This study used cells taken from patients who have undergone total hip replacements that were then grown in culture. It found that titanium wear articles from metal and polyethylene prostheses (a very common type of hip and knee replacement device) created chromosomal instability, reproductive failure, and gene damage in the cells for many generations. The damage was similar to what one would expect from cadmium poisoning or radiation exposure!
Hip replacement cobalt toxicity, or elevated cobalt levels, from metal-on-metal hip implants are a serious problem, but many doctors miss the signs and symptoms of cobalt poisoning. These include the following:
Another study shows higher cobalt and chromium metal levels in patients who had hip resurfacing when compared to traditional hip replacement. What was a shocker was that these patients have structural changes in their brains on MRI that weren’t found in the traditional hip replacement patients! Which areas had problems? The occipital cortex (where signals from the eyes are processed) is one of the regions of the brain that showed issues. The optic chiasm (the part of the brain where the eye nerves cross) also looked different in these patients. In summary, the structural changes in these patients seemed to revolve around the visual system. Problems with hip replacements and vision have been reported by others as well. Animal studies have shown that high cobalt metal levels can affect the nerves in the eye. Hearing and vision loss are also commonly associated symptoms with both chromium and cobalt toxicity.
A hip replacement revision is when the surgeon has to repair or remove an implant. This usually is done when complications result from the hip replacement surgery. These could include infections, pain, injury, even adverse reactions to the toxic metals in the blood.
In this study, the outcomes from metal-on-metal hip implants aren’t great. For example, for male patients with smaller femoral heads or female patients, hip resurfacing isn’t as effective as hip replacement. In addition, for women, many more of these implants were failing at five years sooner than traditional hip replacement devices. One of the rationales for hip resurfacing was that it might be better for younger and more active patients, since in patients under 55, only 72% of traditional hip implants last 10 years. However, this study shows that five-year revision rates for hip resurfacing were almost double that for traditional devices! So much for a better solution for younger people!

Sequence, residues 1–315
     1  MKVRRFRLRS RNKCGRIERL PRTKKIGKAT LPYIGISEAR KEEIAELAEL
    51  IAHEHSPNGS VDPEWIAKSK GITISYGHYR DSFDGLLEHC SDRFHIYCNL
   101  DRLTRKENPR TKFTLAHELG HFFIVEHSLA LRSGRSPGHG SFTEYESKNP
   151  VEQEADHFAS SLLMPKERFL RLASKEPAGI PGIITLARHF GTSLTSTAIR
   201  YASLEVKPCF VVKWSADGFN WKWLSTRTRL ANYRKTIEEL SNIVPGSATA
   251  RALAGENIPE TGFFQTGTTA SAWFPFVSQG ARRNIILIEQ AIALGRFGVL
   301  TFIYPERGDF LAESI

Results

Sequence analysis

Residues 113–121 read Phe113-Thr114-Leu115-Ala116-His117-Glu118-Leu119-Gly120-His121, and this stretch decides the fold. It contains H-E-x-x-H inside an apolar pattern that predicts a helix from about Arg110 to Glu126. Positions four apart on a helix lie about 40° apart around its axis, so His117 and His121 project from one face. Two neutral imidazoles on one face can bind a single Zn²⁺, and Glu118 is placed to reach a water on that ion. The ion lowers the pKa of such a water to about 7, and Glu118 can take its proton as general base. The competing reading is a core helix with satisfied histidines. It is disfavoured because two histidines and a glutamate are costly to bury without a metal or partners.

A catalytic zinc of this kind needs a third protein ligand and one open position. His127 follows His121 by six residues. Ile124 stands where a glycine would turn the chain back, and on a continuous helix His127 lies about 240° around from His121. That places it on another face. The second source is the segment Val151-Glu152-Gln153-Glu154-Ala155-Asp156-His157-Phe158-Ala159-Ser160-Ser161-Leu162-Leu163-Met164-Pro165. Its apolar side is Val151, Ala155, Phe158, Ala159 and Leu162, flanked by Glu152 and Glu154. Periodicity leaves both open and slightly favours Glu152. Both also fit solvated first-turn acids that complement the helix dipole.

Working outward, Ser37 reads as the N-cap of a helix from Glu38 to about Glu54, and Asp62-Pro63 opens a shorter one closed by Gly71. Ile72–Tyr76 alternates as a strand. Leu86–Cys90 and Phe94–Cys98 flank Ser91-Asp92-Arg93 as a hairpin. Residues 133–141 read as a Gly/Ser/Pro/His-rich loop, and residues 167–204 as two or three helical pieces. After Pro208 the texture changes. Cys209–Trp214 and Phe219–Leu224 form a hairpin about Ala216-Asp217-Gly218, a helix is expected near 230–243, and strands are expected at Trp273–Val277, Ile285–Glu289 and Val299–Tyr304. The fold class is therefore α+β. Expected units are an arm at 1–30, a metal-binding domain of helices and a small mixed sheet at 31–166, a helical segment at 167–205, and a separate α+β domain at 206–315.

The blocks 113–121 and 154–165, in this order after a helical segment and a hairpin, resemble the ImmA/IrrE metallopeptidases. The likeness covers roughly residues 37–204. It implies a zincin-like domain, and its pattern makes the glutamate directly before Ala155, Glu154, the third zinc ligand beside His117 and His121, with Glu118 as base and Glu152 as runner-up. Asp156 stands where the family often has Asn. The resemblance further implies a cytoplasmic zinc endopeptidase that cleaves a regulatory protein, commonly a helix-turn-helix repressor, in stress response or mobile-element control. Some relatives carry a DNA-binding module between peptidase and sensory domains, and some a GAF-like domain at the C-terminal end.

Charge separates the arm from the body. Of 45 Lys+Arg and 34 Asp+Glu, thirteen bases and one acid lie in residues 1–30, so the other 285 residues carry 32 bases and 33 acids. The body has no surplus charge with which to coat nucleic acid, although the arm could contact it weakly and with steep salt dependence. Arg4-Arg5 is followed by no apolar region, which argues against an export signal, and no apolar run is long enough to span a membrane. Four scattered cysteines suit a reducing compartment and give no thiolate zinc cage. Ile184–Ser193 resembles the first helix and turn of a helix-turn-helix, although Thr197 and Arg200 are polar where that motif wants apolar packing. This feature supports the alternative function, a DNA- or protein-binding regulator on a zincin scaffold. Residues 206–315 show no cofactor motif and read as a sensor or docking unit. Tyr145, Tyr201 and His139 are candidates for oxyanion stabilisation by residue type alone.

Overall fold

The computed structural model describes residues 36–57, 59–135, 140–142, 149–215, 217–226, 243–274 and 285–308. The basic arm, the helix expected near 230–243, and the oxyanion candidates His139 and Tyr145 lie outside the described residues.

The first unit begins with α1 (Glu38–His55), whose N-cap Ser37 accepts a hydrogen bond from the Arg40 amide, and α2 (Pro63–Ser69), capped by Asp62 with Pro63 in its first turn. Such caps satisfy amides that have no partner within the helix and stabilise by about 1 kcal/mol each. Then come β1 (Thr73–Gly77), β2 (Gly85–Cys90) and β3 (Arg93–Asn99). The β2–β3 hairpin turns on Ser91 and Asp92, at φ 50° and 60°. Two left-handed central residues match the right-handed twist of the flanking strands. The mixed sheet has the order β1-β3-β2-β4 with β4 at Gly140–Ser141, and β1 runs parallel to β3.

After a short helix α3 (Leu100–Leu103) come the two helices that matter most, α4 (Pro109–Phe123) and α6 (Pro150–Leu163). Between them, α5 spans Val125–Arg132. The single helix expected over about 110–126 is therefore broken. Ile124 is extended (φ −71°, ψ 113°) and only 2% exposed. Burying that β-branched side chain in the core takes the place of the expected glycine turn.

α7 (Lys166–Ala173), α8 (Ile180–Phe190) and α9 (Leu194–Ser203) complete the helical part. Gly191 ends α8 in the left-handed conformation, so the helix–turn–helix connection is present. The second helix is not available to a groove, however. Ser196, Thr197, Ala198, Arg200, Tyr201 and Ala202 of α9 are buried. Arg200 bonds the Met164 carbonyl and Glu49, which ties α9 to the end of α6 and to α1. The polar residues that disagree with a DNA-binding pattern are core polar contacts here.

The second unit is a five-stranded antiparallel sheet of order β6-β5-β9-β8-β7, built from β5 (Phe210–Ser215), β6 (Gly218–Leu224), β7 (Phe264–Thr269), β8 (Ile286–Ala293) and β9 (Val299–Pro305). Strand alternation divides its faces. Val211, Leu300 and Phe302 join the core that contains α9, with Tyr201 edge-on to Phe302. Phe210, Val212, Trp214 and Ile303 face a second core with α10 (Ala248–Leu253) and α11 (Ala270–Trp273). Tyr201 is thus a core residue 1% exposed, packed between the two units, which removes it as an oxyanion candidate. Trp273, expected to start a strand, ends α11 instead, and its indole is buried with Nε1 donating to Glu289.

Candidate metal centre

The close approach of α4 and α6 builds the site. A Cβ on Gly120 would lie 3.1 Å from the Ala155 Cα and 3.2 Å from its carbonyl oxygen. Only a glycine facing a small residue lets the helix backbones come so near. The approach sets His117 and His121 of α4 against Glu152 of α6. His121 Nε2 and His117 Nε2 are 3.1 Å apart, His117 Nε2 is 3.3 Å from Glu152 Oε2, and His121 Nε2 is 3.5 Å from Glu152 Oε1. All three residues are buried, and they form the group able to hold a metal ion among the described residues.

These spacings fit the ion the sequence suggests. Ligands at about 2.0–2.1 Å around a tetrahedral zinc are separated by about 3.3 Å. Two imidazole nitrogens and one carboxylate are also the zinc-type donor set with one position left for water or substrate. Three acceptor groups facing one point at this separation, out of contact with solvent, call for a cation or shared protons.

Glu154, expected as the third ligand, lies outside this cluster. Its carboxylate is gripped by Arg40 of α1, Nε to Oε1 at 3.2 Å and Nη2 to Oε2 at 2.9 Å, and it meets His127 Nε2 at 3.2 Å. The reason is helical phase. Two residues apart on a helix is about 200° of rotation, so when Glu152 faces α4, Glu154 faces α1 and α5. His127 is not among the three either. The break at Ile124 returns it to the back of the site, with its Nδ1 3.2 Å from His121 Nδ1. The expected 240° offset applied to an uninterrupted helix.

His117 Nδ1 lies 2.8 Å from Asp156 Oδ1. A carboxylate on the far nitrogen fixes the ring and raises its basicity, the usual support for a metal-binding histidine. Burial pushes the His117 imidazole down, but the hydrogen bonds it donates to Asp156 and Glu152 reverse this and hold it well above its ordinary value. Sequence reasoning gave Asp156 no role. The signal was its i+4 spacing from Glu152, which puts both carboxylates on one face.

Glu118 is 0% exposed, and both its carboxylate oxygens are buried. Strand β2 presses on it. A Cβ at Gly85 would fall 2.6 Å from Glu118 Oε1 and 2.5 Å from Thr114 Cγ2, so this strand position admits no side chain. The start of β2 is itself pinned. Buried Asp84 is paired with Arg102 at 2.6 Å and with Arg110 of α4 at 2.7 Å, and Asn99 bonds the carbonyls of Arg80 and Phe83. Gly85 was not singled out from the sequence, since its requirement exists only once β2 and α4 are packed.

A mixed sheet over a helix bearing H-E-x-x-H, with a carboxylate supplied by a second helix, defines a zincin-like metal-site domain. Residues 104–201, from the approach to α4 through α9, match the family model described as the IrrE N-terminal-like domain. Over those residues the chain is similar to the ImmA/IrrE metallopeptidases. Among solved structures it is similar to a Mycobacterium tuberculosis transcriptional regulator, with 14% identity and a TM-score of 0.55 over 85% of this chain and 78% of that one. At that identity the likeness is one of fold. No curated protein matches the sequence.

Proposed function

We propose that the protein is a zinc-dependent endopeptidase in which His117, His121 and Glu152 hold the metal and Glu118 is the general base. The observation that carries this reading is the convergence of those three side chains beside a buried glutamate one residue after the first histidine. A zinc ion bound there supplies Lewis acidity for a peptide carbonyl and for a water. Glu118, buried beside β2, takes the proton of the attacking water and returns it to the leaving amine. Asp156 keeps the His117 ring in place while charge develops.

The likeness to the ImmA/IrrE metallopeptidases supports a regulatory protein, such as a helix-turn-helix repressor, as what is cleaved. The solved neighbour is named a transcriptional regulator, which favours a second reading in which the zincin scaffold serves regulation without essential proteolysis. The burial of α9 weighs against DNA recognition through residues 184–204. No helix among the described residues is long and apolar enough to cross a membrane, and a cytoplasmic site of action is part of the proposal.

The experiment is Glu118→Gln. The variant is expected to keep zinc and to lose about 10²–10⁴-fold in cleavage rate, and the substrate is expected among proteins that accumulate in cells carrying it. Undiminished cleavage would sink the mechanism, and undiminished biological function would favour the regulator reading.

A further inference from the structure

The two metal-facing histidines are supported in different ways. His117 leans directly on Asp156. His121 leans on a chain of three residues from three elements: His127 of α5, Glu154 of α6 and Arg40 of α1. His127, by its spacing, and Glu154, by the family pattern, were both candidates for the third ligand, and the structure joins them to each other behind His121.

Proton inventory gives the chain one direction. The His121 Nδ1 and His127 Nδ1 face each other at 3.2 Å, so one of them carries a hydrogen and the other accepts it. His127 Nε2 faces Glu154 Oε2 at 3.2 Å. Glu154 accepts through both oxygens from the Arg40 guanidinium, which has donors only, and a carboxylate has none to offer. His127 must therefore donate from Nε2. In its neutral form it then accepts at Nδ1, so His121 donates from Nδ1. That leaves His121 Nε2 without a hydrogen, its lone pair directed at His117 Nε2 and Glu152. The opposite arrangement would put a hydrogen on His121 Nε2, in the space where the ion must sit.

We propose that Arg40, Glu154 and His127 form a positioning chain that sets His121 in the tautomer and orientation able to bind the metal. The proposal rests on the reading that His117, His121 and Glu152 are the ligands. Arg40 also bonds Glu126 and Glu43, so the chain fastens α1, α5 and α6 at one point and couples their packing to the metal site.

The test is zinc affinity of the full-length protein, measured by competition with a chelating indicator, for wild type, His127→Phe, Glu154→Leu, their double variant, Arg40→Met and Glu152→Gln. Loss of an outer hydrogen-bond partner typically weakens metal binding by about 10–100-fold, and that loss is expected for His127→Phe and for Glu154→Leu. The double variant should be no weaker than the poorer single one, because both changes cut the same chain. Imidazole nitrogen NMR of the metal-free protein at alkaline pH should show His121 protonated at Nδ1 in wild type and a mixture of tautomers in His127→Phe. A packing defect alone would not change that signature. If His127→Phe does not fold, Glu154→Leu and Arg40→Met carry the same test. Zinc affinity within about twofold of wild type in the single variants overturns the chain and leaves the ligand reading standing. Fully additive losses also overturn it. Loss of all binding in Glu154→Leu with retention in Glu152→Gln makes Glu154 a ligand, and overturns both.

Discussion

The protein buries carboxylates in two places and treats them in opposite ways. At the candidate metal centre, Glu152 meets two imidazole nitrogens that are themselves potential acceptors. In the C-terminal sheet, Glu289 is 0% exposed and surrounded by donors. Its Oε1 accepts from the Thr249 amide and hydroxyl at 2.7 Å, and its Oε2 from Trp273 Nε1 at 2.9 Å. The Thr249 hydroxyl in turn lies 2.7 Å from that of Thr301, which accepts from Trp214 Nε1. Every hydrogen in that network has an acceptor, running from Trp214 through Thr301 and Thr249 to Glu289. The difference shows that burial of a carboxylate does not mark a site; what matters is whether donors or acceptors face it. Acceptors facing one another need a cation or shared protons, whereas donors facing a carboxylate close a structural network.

Revisions of metal-on-metal hip implants can be effective for reducing metal ions in the blood, though some metals can remain in the blood even after the implant is removed. Think about this for a moment, in some cases after the offending metal is removed, there’s still a problem!
As mentioned earlier, the obvious consequence of when metal rubs against metal is metal shavings, which then fill the joint area and cause high metal ions in the blood serum as well as black soot-like metal particles. The latter can cause strange tissue reactions, sometimes creating what looks like a tumor (pseudotumor). Pseudotumors can become very big—golf ball sized or larger—and press on the nerves, arteries, and veins near the hip joint, causing pain and other problems.
What are the odds of getting one of these pseudotumors? One study shows one-third of minimally invasive hip replacement patients get these tumors, so I wouldn’t recommend rolling the dice on this one.
The upshot? If you’re considering a “minimally invasive” metal-on-metal hip implant, step away from the Craps table; there are just too many studies showing this surgery is a bad gamble. You might want to learn more about how stem cells stack up against hip replacements.
Can a stem cell procedure help me? To find out if you might be a candidate for a Regenexx stem cell procedure, complete our Regenexx Procedure Candidate Form online.
About the Author
Christopher J. Centeno, M.D. is an international expert and specialist in regenerative medicine and the clinical use of mesenchymal stem cells in orthopedics. He is board certified in physical medicine as well as rehabilitation and in pain management through The American Board of Physical Medicine and Rehabilitation.…